Monday, May 09, 2005

Frugal Fun...from The Times, 3 May 2005

In praise of thrift: enjoy money, don't spend it

Repossessions are on the rise again and we are in debt as never before. Reformed spendthrift Sarah Johnson explains how she learnt the art of "elegant economy"

"Borrow as much as you can," everyone said when I bought my first flat. "Your income can only go up and the value of your home will rise."
That was in 1985, and it is quaint to think how we all believed it. In real life, people get sacked, sick or pregnant and debt doesn’t get smaller just by switching to a different card. Of late, average incomes haven’t been rising, but falling.
Yet so desperate are the middle classes to keep up appearances and "play the part" of the big spender, that a typical working woman blithely dribbles away £100 a month on gloopy coffees - just for the sake of the twice-daily walk to Starbucks. All the while paying the same amount in interest on one of her clutch of credit cards.
It is a bling mentality. Money that isn’t really yours feels so much more personal if dangling round your neck or off your wrist, or slipping down your throat…so we spend money we don’t have very readily.
Luckily for me, I married a man who lived for six months in a deserted mill in the Lake District with nothing but lentils and a bicycle, and for a year in Berlin on little more than a Mars Bar a day. A man whose idea of shopping therapy is to emerge from an hour’s browsing in a second hand bookshop, clutching one very small volume of German philosophy in a brown paper bag. A man who utters a sharp intake of breath if his single monthly credit card statement is in three figures. A man who can go into Waitrose - yes, Waitrose! - and come out with nothing but Special Offers and BOGOFs.
Daniel is untouched by life envy. He struggles to understand how months of thrift can be blown in five minutes incautious browsing and clicking on the Boden Sale website. He does not recognise car makes, or own any sports equipment. He just can’t see what is wrong with inheriting carpets from the house’s previous owners; they seemed nice clean people, after all, and the carpet doesn’t actually have holes in it.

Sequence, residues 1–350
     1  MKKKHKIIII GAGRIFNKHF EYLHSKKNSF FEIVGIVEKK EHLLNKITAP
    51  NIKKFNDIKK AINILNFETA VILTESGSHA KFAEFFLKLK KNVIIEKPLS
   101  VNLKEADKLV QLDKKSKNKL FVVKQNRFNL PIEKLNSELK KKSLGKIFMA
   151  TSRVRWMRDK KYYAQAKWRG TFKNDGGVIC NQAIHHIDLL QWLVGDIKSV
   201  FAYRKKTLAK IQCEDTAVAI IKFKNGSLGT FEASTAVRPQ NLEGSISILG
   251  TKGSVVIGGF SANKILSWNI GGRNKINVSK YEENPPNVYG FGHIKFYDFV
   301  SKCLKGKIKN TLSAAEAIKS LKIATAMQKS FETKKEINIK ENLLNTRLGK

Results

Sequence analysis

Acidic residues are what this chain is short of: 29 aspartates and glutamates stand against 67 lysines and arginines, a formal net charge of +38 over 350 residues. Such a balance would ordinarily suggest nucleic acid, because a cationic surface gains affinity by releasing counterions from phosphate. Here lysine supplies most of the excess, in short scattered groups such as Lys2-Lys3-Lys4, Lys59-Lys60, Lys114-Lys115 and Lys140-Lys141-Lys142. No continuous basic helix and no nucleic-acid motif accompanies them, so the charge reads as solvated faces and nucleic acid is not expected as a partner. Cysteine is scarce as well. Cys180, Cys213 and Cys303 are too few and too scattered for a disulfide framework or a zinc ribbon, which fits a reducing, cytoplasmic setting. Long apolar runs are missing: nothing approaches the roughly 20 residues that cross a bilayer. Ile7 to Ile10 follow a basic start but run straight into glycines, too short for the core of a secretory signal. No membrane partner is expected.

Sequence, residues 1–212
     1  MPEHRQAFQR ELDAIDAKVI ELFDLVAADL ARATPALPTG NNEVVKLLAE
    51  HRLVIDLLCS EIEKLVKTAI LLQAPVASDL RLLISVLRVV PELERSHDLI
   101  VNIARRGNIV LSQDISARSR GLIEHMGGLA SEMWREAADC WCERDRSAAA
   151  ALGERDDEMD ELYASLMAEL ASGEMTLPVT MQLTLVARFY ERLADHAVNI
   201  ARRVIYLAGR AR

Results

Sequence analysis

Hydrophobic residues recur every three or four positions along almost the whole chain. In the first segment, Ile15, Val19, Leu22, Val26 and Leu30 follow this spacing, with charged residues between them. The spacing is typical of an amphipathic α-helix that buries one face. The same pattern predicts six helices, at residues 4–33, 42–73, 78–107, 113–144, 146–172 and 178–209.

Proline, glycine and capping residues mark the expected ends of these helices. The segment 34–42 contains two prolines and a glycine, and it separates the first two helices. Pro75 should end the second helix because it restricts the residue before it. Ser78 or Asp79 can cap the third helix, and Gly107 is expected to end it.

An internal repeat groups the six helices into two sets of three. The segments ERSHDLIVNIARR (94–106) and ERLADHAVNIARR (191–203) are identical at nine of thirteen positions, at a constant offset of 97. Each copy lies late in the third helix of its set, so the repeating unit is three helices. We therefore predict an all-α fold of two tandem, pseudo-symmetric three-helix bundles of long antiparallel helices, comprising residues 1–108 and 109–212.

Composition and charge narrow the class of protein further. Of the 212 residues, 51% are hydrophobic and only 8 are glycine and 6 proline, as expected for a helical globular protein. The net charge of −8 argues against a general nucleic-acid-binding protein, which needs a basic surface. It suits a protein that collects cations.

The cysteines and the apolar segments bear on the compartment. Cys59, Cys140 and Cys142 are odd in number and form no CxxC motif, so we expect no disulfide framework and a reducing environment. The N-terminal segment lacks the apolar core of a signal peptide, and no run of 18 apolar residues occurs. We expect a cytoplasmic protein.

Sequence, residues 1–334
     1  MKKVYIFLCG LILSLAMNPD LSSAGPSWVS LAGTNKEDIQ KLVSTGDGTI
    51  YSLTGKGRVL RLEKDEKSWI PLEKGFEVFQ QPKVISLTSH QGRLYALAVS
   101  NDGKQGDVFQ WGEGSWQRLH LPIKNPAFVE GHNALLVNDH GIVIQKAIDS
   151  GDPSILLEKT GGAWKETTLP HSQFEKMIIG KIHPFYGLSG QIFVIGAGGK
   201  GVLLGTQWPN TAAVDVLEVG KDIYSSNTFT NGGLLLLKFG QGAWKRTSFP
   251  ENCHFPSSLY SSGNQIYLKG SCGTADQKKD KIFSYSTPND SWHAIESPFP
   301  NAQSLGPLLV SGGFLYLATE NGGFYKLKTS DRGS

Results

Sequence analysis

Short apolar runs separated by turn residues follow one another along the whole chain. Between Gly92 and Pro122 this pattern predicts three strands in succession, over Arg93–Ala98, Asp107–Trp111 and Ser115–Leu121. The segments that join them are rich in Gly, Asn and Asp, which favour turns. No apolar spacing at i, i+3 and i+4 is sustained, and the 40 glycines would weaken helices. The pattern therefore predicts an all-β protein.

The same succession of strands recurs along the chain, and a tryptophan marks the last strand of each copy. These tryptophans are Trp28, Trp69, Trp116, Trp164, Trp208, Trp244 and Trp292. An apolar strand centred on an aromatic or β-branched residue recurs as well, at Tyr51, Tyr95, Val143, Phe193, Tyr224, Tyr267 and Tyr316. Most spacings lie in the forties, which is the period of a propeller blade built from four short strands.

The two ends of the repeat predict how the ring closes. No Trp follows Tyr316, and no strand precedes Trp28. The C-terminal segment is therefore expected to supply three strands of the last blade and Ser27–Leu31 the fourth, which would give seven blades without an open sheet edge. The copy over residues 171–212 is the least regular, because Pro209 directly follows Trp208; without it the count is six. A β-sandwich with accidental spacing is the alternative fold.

Where he pores over a bill check, I plonk my credit card on top without looking. He says, "I might like one," I say, "I need three". I read the words "you may spend up to £4,500" and take them seriously, whereas Daniel knows they are a joke. Daniel says the bath is fine because it doesn’t leak; I say it has to go because it is 30 years old and avocado.
As a result Daniel always has money, and I was until not long ago usually overdrawn. It finally hit me that the art of living within one’s means is just that - an art. It is all about enjoying not spending money.
Like the ladies in Elizabeth Gaskell’s marvellous 1853 comic novel, Cranford, I have learned "elegant economy". Those ladies would walk home because, they claimed, the night air was refreshing, rather than because they could not afford a carriage. Cotton was nicer than silk, they assured each other, because it washed better, not because they could no longer afford silk. Ever the observer of social economics, Gaskell saw sharply how daughters of good family living on dividends were at the mercy of Victorian City wide boys who played fast and loose with the old dears’ savings. Plus ca change…We, however, are even more at the mercy of the 0% interest credit card and its empty promises. Here’s my twelve step Frugal Fun plan for plastic surgery - for mutating from bling-bling to elegant economy.
1. Write down everything you spend. I use a tiny, day-per-page pocket diary. It works straight away: just as writing down what you eat makes you eat a bit less, writing down what you spend makes you spend a bit less.
2. Get angry and start minding very much about small, pointless expenditure. The parking ticket you got because you were lingering in a shop…or because you didn’t have the right change for the machine. Cigarettes. The online subscription to a website you don’t use. The latte which you bought only because you needed to use the loo in the cafĂ©. Get annoyed when you see needless items cluttering your little blue book.